How has Animation Changed Since its Beginnings?When people hear the word ‘Animation’ the first thing that may come to mind would be cartoon. Although this is partially the correct answer, what many people don’t realize is that without animation’s history many things we take for granted today would not exist. A lot of the inventions and innovations in the industry of animation would have prevented the film, gaming and even the computer industry to almost being non-existent. The story of animation is far from their famous kid-friendly fairy tales and colorful worlds. From Mainstream to Avant-Garde, the story is filled with hundreds of companies across the world rising and falling from fame, animators and film directors working years on films then destroying them in their downfall. It may be a bit surprising to find out that this massive story started over 29 years before Disney was even born.
The Idea: Animation’s BirthLate 1800’s – early 1900’sDespite common belief and to many people’s surprise the story of animation does not start with the famous Walt Disney(1901-1966). It may also come to many people’s surprise that his films were not the first of anything. Steamboat Willie(1928) was not the first sound cartoon, there were over three before it, Flowers and Trees(1932) was not the first color cartoon, the first was made over 12 years before it, and Snow White and the Seven Dwarfs(1939) was not the first full length animated feature, there were over nine features out dating it. Animation started in 1872 with Eadweard Muybridge’s Sequential Photographs, the most famous being the horse gallop. The horse gallop was a 12 frame animation created not to capture the imagination of an audience, but to prove a …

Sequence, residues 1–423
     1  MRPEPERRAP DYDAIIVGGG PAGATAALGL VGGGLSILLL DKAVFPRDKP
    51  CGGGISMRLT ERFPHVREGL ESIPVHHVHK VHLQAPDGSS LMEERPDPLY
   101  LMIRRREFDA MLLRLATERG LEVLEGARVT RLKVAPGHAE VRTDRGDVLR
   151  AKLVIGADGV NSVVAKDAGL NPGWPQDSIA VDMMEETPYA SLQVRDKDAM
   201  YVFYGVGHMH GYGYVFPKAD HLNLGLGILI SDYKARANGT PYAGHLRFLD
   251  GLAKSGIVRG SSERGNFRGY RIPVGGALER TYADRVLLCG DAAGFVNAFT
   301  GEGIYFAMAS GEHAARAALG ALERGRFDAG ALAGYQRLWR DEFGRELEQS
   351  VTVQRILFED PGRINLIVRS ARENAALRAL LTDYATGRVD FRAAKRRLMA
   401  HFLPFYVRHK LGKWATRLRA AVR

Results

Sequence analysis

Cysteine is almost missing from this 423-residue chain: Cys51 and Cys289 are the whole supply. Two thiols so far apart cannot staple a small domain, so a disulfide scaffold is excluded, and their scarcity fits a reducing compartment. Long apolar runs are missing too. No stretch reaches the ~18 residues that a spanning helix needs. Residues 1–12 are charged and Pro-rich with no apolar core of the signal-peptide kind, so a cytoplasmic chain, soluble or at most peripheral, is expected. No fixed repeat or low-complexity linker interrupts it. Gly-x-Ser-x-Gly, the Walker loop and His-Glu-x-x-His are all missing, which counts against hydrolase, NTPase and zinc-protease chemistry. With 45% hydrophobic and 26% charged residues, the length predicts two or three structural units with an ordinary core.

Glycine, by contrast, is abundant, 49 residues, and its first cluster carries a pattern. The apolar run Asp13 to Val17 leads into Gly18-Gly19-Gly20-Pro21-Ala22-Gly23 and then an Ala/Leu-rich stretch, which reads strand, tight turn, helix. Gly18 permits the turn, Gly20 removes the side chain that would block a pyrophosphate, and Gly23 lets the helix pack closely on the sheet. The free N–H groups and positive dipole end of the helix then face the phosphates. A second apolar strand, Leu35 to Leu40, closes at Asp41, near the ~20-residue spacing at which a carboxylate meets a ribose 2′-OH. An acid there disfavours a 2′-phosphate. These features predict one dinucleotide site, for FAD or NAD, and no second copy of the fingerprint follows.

…ay for copies of Melies’s films which resulted in the small financial revenue of his films. By the start of World War I interest in Melies films began to die down and eventual his studio closed. As his success died down Melies personally destroyed many of his films and he himself disappeared. In the 1920s however a French revival movement tracked him down and he received recognition as a pioneer in cinema. Of the 500+ films that Melies made, only about 300 survive today and almost all are in or will be in the public domain.
Works CitedCavalier, Stephen. The World History of Animation. Berkeley, CA: University of California Press, 2011. Print.
Solomon, Charles. Enchanted Drawings: The History of Animation. New York: Knopf, 1989. Print.
Maltin, Leonard. Of Mice and Magic: A History of American Animated Cartoons. New York: McGraw-Hill, 1980. Print.